NEW YORK — The Bill Blass New York showroom at 501 Seventh Avenue is an elegant space with white furnishings, blonde wood accents and a large round table in the center of the room at which buyers can sit and write orders. But there are no traditional buyers here. The direct-sales brand isn’t sold in department or specialty stores. Rather, independent sales consultants hold trunk shows in their homes, inviting their friends and neighbors to shop.
Bill Blass International in 2006 licensed Bill Blass New York, the first direct-sales designer collection. The company, which is owned by Angelo Gordon & Co., a privately held investment firm, offers four collections a year with looks ranging from casual- to eveningwear, priced above bridge and below designer.
Ann Acierno, who was president of new business development at Tommy Hilfiger, where she conceived and launched Karl Lagerfeld and H Hilfiger, was named chief executive officer of Bill Blass New York in November. She declined to divulge the company’s sales volume, saying only that it is profitable. But she is working toward reaching the $50 million sales mark in two years.
Bill Blass New York differs from Bill Blass Couture, which is owned by NexCen, a brand management company and sold at Lord & Taylor, Neiman Marcus and Saks Fifth Avenue, among other stores. NexCen acquired the Bill Blass brand last year.
“The only thing that’s different about this product is the way it’s distributed,” Acierno said about Bill Blass New York. “This is well-made clothing. We use Italian fabrics and designer details. It doesn’t have a secondary line aesthetic. It’s the same aesthetic as Bill Blass Couture. It’s for the woman who wants a designer product and name, but doesn’t want to pay designer prices.”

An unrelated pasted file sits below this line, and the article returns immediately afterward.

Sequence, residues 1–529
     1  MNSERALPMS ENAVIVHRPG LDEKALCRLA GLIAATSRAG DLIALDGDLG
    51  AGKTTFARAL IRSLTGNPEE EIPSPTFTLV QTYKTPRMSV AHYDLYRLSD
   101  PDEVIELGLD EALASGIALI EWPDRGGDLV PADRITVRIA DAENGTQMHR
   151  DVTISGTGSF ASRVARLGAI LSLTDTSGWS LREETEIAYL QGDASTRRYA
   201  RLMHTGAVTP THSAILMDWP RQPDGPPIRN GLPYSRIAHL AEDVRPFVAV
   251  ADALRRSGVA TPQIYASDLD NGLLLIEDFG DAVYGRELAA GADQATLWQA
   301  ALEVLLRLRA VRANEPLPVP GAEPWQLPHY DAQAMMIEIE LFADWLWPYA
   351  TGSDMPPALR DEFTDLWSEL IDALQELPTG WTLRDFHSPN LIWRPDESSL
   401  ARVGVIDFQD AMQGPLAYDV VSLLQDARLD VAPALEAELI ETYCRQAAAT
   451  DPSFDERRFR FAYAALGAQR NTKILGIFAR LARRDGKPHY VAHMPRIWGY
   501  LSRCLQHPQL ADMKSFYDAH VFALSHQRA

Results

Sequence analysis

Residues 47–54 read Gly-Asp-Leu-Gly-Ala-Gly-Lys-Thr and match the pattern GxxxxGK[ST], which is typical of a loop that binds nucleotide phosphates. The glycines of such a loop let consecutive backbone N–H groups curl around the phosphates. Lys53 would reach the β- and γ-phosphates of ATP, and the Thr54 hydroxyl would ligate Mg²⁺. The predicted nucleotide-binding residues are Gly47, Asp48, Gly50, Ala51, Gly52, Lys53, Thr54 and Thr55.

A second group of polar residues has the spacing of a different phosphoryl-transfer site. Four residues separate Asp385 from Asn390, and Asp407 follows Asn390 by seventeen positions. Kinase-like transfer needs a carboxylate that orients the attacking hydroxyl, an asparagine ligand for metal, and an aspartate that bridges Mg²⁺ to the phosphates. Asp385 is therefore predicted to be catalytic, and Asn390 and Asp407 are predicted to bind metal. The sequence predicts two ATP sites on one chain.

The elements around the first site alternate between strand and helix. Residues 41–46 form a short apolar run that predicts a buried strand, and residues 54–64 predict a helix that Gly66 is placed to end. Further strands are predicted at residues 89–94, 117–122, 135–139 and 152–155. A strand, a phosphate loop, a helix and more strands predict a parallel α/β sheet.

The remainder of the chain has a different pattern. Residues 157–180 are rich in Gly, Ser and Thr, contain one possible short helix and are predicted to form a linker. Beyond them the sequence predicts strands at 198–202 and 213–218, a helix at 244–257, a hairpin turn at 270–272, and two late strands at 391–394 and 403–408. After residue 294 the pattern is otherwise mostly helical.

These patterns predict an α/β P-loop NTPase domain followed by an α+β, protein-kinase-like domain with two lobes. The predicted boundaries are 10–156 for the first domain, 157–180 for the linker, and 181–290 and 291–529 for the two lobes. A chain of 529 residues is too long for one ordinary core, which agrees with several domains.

Direct-sales fashion companies such as Carlisle Collection, Worth and Doncaster largely have kept a low profile. “We want to be above the radar to drive the business,” said Acierno, who is working with a public relations firm to get the word out. Nationwide, there are about 200 sales associates, the most successful of whom can earn $300,000 or more. Acierno said there’s room for as many as 500 in the U.S.
“We’re looking at reaching out in different ways other than trunk shows,” she said. “We’re looking for new distribution channels. We’d consider doing an e-commerce site, but only if sales went through the associates.”
Jose Solis, who trained with Anne Klein and Ralph Lauren, designs the collection, which is geared for women ages 30 and older. For summer, there’s a sarong dress in a parachute and cotton fabric tied with a gold rope belt for $695; a fuchsia jacket in silk and cotton with hand-carved buttons, $650; a long, sleeveless, hand-pleated dress, $695; a flower-print silk skirt, $495, and a black sleeveless dress with hand-embroidered flowers, $1,295.
Cathy Miller, a sales consultant in Lexington, Ky., owned a boutique and worked for Worth for 12 years. She came out of retirement to join Bill Blass New York a year ago. “They respond quickly to trends and don’t water down the integrity of a design to make it appealing for the masses,” said Miller, who has about 800 to 1,000 clients on her list. “I see about 10 appointments per day. People can easily spend $20,000 to $30,000. It’s a huge, huge business.”